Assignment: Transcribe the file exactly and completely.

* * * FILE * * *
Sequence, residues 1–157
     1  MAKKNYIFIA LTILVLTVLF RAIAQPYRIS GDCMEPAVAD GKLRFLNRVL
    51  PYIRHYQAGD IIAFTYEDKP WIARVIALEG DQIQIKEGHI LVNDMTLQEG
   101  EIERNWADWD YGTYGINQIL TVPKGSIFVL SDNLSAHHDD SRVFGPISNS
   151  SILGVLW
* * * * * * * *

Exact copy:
Sequence, residues 1–157
     1  MAKKNYIFIA LTILVLTVLF RAIAQPYRIS GDCMEPAVAD GKLRFLNRVL
    51  PYIRHYQAGD IIAFTYEDKP WIARVIALEG DQIQIKEGHI LVNDMTLQEG
   101  EIERNWADWD YGTYGINQIL TVPKGSIFVL SDNLSAHHDD SRVFGPISNS
   151  SILGVLW